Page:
From time to time Google shifts focus giving marketers a window of opportunity to streak ahead of competitors that are slow on the uptake. Local search is one of these areas.
For certain keyword searches, Google has a big maps panel at the top of organic listings on page one, pushing all other organic listings down the page. Yet businesses are not optimising their listings to get into that top 3.
First and foremost, when customers search for your business online, they expect a high level of accuracy. This is good UX, so without accuracy (and consistency) perhaps they will never find you at all.
“Near me” searches have seen a huge increase in the past couple of years. An estimated 118k-300k in the UK search “Restaurants near me” every month.
How can you be sure to be listed in those maps listings that Google is pushing above all other organic listings?
Location – You are relevant if you are local. Businesses with bricks and mortar have an opportunity to be top of Google for just one location, and this is without paying (… at the moment!)
SEO – Optimise your ‘store pages’ / location pages on your website.
Offsite keyword optimisation – Your business location listed across the web provide an eco-system signalling Google. Consider keyword optimisation for non-brand searches on every local listing, not just Google.
Reviews – Reviews provide opportunity for richer keyword visibility, as this matures you will benefit from more long-tail searches. Look at how to increase the volume of reviews written about each location.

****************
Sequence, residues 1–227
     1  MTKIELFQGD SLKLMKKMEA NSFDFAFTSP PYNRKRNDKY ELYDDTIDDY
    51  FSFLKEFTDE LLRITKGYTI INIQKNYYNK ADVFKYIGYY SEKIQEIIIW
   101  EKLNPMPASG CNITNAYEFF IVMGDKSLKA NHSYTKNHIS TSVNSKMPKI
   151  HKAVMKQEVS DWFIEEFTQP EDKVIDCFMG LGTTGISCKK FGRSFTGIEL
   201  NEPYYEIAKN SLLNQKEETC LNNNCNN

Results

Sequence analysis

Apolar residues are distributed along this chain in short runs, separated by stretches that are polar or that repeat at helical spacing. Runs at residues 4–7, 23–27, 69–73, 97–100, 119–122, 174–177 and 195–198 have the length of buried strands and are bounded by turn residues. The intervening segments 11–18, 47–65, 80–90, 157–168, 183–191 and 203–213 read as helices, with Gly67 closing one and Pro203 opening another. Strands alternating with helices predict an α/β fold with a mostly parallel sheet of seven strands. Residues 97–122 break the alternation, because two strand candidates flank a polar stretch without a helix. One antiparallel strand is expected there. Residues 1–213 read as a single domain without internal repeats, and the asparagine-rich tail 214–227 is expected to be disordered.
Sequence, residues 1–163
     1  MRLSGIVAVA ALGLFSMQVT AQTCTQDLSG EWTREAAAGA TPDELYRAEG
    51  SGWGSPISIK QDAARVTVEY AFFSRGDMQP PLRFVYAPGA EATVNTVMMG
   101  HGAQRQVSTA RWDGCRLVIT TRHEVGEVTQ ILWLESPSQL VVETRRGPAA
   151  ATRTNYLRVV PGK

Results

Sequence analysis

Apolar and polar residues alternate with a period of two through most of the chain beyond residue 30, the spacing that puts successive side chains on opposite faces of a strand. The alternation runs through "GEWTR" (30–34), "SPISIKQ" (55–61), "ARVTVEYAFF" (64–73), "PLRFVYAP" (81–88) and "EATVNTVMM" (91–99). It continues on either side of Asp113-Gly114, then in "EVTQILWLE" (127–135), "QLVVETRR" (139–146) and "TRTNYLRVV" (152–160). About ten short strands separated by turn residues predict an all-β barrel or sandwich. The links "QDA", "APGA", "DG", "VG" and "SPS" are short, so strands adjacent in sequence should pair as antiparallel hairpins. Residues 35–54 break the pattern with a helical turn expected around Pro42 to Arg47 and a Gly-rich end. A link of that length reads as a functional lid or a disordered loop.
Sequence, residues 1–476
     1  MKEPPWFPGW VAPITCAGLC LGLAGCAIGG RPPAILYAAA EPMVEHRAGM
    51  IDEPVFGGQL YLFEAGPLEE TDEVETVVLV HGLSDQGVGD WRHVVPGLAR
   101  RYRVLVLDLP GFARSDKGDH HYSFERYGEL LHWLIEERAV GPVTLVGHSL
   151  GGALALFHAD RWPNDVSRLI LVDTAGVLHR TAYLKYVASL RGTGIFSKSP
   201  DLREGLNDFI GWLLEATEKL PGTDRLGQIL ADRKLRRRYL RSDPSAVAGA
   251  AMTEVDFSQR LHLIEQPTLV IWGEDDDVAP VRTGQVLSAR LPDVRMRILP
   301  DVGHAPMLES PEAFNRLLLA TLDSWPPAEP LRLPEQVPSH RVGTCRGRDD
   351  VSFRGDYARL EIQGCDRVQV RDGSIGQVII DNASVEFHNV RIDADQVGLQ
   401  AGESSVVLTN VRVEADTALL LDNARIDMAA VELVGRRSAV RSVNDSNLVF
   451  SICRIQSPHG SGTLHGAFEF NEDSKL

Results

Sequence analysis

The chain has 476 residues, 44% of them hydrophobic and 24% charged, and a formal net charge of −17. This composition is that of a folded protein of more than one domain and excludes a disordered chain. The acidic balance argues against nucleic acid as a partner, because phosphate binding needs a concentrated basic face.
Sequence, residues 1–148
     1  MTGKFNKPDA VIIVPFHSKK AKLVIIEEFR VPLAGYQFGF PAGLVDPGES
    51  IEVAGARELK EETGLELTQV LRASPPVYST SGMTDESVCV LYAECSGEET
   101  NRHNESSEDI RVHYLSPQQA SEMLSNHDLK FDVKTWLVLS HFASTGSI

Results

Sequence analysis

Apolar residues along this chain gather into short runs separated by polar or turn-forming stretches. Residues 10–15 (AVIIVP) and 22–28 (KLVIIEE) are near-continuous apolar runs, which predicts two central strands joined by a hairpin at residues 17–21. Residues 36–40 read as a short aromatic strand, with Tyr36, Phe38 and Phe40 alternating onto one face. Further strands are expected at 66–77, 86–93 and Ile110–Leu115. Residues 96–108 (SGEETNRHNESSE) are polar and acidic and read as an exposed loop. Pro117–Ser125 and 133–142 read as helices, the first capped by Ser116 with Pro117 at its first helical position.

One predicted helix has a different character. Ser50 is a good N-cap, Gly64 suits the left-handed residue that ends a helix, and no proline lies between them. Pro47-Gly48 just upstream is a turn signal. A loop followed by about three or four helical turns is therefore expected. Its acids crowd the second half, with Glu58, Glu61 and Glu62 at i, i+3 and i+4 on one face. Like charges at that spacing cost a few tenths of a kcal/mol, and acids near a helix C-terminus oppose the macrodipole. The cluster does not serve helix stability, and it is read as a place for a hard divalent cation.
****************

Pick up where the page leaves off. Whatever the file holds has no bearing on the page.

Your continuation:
Sentiment – Reviews affect likelihood to purchase, so respond to negative reviews to neutralise any detrimental effect
Google My Business (GMB) landing page – Your profile should look good for each location with official images, accurate descriptions and relevant and consistent categories. Same goes for other main platforms – local listings on Facebook, Apple Maps etc.
Updated information – When your opening times change (e.g. bank holidays), be sure to make sure the web reflects the true information for that day at that time. Advance onto promotional messages for set time periods on each GMB listing.
Verify locations – Accurate and confirmed pins on maps and other directories. Claim all those listings out there representing your brand not currently under your control. If you haven’t recently done this as an exercise, be prepared to find more than you think.
The more data you have about your business in a structured manner, consistent across the web, the more chances for ranking higher. You will find more commentary and a wider perspective on the ranking factors for local search from this survey conducted by Moz (https://moz.com/local-search-ranking-factors)
DAC can provide an audit of your locations so you can see current status and where to improve. Send me a message if that’s of interest, or you would like to hear more on this subject.
I'm busy working on my blog posts. Watch this space!